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Curtains may be functional, but they’re also a great way to add style and finish a room. We’d like to offer a few tips to be sure you get exactly what you want.




You’ll want to consider how much light filtration you need. Sheer and semi-sheer options are a breezy choice, but they don’t offer much privacy. Blackout curtains are a good choice for bedrooms and home theaters.


Consider how you want the finished room to feel. Velvet and chenille drape beautifully and can even add warmth, but they may be more formal and/or heavy than your room requires. Silk offers lightweight shimmer but isn’t a good choice for direct sun unless it’s lined. Linen and cotton are often semi-sheer or sheer, but they can give a room a light, summery feel.

When it comes to pattern, busy patterns can create quite a statement but may be overwhelming if your windows are close together. If your furniture and rugs are bold, you might prefer to balance that with neutral, more subtle curtains—or vice versa: if your furnishings are neutral, add a pop of color and pattern at the windows.


This refers to how a curtain is hung from the rod, and the one you choose will affect how you measure to get the right length.

Grommets are circular metal holes at the top of the curtain that leave the rod more exposed than other styles do.

Tab- or tie-top headers are loops of fabric at the top of the curtain that the rod slides through. These have the least amount of pleating/gathering and can leave the rod partially exposed.

Back tabs are a variation on tab tops that hides the rod (the tabs are attached behind the curtain rather on top of it) but can give a looser drape than a rod pocket does. Back tabs are often combined with rod pockets to give you a choice of hanging styles.

Rod pocket curtains have a pocket along the top of the panel that will completely cover the rod. These offer a more gathered look and are often used with tiebacks.

Pinch pleat curtains are more formal than others and attach to a rod using drapery hooks, rings, or clips.


Once you’ve decided on fabric, pattern, and style, you’ll need to measure your space to get the results you want.


Width refers to a single curtain panel, even when they are sold in pairs.

Rod-pocket curtain length is the distance from the top of the rod pocket to the bottom of the hem. It does not include top ruffles or other decorative treatments above the pocket.

Tie-top and tab-top curtain lengths are the distance from the top of the panel to the bottom of the hem. It does not include the ties or tabs.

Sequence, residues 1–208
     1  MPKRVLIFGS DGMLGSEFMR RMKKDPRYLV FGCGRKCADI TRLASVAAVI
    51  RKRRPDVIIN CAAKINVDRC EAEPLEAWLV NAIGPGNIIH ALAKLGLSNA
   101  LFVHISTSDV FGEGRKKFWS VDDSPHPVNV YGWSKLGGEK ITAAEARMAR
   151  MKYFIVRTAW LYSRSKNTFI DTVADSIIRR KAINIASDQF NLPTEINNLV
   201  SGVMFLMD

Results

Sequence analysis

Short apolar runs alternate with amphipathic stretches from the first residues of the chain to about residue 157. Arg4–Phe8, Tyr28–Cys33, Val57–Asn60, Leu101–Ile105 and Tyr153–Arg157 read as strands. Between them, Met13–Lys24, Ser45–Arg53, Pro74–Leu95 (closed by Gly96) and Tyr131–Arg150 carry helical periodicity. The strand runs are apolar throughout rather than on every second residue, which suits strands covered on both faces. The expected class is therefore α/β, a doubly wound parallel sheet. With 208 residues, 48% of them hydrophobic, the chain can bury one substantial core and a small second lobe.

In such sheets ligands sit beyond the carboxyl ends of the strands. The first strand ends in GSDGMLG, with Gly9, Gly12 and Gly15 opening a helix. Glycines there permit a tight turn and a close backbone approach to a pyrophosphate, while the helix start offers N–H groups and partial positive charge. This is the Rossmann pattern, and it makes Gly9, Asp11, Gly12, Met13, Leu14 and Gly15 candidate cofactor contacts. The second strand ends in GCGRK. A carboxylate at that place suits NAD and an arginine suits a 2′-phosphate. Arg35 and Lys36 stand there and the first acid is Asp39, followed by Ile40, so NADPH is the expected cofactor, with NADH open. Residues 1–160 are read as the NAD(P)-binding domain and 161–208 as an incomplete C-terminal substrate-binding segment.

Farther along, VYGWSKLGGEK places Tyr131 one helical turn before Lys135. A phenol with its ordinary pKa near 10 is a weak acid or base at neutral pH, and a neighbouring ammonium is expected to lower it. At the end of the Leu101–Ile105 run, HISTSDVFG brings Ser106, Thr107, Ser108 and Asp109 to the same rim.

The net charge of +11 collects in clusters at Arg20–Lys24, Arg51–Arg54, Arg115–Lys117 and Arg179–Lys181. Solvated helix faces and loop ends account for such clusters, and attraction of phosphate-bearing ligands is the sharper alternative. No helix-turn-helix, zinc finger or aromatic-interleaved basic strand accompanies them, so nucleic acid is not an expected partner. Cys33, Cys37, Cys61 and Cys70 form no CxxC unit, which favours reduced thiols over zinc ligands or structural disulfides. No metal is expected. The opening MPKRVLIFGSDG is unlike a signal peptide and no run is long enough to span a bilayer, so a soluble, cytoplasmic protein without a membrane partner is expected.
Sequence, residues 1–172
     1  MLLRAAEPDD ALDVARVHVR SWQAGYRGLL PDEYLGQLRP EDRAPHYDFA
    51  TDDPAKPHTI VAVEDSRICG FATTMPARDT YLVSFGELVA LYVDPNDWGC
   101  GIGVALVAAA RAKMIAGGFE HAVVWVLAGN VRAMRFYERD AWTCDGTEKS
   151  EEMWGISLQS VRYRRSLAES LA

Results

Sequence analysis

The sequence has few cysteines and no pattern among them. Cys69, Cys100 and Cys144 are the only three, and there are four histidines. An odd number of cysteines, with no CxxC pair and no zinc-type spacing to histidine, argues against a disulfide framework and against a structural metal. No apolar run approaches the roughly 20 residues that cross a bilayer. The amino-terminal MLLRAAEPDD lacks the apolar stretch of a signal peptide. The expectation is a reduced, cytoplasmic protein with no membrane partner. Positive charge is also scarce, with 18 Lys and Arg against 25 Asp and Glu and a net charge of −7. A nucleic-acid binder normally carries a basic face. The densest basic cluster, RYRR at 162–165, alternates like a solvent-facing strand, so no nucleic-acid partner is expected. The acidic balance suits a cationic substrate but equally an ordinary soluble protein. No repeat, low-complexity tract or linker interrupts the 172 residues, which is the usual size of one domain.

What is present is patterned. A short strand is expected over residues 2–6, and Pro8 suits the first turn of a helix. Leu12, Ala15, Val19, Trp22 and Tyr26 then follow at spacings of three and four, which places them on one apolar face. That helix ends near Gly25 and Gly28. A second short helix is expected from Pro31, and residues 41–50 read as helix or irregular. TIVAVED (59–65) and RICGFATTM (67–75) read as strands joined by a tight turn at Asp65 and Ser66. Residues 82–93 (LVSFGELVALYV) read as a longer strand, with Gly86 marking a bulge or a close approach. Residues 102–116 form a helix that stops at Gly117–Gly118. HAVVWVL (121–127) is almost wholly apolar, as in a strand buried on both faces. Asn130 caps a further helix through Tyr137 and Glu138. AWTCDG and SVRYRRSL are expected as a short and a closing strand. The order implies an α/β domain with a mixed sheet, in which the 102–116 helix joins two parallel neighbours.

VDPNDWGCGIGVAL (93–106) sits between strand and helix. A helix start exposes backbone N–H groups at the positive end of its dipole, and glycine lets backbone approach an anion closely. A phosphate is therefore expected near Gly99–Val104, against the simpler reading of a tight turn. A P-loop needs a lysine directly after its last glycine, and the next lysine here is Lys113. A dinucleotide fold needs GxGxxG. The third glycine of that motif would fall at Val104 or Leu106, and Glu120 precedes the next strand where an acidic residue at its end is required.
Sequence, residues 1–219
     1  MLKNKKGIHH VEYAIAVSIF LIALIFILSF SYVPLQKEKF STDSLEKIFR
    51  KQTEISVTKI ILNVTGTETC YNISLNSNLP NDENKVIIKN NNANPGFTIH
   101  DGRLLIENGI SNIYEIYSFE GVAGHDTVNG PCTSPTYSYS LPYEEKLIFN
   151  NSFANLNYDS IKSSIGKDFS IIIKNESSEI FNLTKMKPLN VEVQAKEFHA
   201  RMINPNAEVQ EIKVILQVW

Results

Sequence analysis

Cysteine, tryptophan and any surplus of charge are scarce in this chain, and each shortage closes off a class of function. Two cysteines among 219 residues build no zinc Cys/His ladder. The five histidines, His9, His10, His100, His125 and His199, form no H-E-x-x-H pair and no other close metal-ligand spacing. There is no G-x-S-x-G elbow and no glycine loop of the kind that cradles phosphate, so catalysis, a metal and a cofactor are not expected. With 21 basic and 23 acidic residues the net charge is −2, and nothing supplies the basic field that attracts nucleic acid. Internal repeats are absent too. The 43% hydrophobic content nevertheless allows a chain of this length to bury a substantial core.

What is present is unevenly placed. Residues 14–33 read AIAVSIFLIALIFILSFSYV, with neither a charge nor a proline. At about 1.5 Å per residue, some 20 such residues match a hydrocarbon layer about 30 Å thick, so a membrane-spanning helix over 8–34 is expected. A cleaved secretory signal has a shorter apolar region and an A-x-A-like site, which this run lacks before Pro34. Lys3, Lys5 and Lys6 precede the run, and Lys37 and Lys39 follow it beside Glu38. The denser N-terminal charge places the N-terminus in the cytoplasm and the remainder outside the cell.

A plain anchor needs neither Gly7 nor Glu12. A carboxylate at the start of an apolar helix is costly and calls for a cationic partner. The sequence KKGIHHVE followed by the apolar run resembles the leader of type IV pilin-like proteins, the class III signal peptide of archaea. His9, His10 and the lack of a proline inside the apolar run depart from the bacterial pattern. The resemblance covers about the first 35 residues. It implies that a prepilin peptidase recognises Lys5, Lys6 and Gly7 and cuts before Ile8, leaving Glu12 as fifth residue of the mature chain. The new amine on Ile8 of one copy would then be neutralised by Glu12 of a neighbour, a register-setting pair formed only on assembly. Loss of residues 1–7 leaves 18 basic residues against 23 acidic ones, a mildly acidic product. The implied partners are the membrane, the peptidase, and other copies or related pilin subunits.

Measure the width of the window, including any architectural moldIng or trim (if you want those to be covered by the curtains).

For a relaxed but tailored look with curtains loosely gathered, multiply the window width by 1.5 or 2. Divide that number by the width of a single curtain panel to get the number of panels you need.

For a full, luxurious look with curtains tightly gathered, multiply window width by 2.5 or 3. Divide that number by the width of a single curtain panel to get the number of panels you need.


For a traditional look, mount the curtain rod 4” above the top of the window. The distance from 4” above the window to about .5” above the floor is the length of your curtains.

For a grand, glamorous look with curtains “puddled” on the floor, measure from 4” above the window to the floor, then add 3” to 4”.

To make the room look taller, mount the curtain rod 2” to 3” below the ceiling. This may cover the top of the window and some of the wall above it, but the longer curtains will draw the eye upward and create the illusion of a more spacious room.



Curtain pins or hooks are inserted into the back (lining side) of curtain panels. The sharp end goes into the fabric.

Insert the straight end of the pin all the way. The curved end of the pin goes through the eyelet of the curtain ring or rod carrier.

Check to make sure the pins don’t poke through the front of the curtain panel. If you want the top of the curtain panels to be even with the bottom of your rings or carriers, insert the pointed end of the pin 1.25” down from the top edge of the curtain panel. This will place the top of the pin even with the top of the panel.

Rod-pocket or flat-top panels: Insert the pins into the pocket or lining on the back of the curtain panel. Space the pins 4” to 6” apart if you want the panel top to be straight. Space them 7” to 12” apart if you want the panel to drape a bit between the rings.


The length of the curtain rod should equal the total fabric width.

Add the length of two finials to the rod length to get the total amount of space necessary.